According to the Czech MoD, new IFVs should provide the highest possible level of protection for crews and dismounts, something the currently operated BVP-2s aren’t capable of. Therefore, new armoured combat vehicles are expected to feature a basic level of protection according to STANAG 4569, as well as a number of supplementary protection systems, such as additional modular ballistic panels (according to STANAG 4569), soft-kill and hard-kill self-defense systems, counter-IED protection system, disruption of radio-frequency signals activating IEDs and collective automated CBRN (Chemical, Biological, Radiological and Nuclear) protection.

The Czech Army has a requirement that the future IFVs will be able to complement 11 soldiers, including a crew of 3 + 8 dismounts. Vehicles should be equipped with a manned turret with a 30mm main gun, a coaxial 7.62mm machine gun, as well as an anti-tank missile system with a 3rd generation (or higher) ATGM. Supplementary equipment should include smoke grenade launchers, providing 360° coverage.

Highly efficient observation systems for the gunner and commander, such as day/night cameras and a laser range finder, should provide detection and identification of enemy’s MBTs and other armoured combat vehicles at distances of 4 km by day and 3,5 km by night.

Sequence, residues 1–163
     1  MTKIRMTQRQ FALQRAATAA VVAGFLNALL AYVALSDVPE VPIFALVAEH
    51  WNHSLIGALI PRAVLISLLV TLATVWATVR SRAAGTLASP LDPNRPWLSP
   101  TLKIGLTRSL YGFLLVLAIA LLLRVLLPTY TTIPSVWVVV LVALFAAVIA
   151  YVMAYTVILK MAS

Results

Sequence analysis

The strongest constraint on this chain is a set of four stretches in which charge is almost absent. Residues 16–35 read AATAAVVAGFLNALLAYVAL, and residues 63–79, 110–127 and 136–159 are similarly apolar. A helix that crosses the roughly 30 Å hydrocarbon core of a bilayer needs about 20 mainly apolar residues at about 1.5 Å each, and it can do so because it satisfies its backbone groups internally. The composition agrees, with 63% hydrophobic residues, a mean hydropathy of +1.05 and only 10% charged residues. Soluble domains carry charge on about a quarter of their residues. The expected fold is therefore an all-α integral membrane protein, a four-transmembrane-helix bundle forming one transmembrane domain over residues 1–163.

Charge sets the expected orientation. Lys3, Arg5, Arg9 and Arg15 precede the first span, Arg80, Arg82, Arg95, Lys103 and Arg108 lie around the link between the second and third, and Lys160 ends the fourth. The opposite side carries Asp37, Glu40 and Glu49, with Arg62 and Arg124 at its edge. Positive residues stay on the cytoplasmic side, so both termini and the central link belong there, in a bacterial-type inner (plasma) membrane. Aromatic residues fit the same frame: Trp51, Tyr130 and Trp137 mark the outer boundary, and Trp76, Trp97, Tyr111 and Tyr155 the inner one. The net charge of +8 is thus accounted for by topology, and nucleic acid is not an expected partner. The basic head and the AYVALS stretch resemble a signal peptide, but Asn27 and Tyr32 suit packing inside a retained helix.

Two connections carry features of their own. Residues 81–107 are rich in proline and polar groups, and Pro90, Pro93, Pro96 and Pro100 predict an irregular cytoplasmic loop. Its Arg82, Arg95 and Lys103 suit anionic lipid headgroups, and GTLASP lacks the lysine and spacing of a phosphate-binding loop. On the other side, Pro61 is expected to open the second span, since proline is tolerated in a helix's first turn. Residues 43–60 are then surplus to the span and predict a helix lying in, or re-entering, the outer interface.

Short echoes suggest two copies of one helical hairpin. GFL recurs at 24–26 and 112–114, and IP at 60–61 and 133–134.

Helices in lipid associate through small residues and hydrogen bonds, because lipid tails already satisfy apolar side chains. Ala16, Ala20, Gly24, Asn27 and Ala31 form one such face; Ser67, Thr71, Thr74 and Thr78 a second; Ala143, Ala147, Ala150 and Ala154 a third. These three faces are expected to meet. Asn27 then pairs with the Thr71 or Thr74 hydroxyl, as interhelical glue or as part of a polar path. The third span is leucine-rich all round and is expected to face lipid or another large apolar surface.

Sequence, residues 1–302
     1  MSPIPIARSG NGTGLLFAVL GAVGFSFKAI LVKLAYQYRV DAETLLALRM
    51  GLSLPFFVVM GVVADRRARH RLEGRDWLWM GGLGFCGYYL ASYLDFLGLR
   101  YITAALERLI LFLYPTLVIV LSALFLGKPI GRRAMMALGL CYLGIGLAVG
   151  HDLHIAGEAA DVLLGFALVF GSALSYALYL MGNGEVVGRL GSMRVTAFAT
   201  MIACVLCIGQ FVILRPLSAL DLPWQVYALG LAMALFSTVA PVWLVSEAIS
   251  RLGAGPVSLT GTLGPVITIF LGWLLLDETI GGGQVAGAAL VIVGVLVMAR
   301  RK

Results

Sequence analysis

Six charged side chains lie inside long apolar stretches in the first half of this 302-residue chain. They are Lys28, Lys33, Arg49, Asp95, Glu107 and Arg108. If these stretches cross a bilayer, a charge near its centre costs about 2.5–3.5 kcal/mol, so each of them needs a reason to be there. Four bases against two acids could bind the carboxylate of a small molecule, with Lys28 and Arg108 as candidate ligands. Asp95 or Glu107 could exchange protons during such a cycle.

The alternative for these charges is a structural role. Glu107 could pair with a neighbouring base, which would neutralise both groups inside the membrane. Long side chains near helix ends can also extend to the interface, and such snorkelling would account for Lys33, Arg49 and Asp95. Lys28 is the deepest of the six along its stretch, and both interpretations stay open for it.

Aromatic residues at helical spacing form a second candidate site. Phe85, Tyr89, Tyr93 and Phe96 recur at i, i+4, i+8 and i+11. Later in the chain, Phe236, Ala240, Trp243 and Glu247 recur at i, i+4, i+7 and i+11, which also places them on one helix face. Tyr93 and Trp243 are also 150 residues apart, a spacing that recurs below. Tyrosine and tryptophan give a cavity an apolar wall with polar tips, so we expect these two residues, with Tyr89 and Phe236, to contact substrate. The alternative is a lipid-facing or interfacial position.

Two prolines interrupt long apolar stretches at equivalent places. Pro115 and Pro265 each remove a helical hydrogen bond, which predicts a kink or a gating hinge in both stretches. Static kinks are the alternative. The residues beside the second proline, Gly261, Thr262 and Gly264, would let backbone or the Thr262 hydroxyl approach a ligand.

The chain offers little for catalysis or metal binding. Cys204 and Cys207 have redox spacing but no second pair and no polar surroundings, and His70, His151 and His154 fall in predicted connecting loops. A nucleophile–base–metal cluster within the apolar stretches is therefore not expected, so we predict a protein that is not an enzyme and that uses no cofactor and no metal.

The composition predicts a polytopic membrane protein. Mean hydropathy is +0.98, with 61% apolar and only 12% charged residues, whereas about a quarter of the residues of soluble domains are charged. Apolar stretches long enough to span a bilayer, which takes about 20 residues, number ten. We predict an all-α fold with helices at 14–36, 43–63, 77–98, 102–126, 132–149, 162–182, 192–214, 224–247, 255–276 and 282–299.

All IFV variants should feature the same high level of mobility, including minimum road speed of 65 km/h, minimum off-road speed of 40 km/h, minimum range of 500 km. They should also receive a number of supplementary equipment, such as intercom, VHF/UHF radio stations for voice and data communication as well as GPS, TACSAT and covert communication systems

Local defense industry at stake

The possible delay or even cancellation of the IFV programme would not only mean, that the anticipated technical modernization of the Czech land forces would be prolonged for even years. It could also have a devastating influence on the condition of the local defense industry, which was expected  to play a significant role in the project and benefit from the production of new armoured vehicles. The Czech government had a strict requirement that the future IFVs would be manufactured locally, with the biggest possible involvement of the Czech companies.

All three bidders have already declared, that they are ready to move the production of new IFVs directly to the Czech Republic under the Transfer-of-Technology agreement. A number of partnership agreements were also signed with local defense manufacturers.

It was also expected that a number of Czech defense companies would become partners in global production and supply chains of BAE Systems, GDELS or Rheinmetall, allowing them to promote their product and services on export markets.

The new Czech IFVs were to replace the currently operated, legacy BVP-2s, which due to their obsolescence and technical condition do not meet the requirements of the modern battlefield / Picture: The Czech MoD

Article previously published on MILMAG 01/2020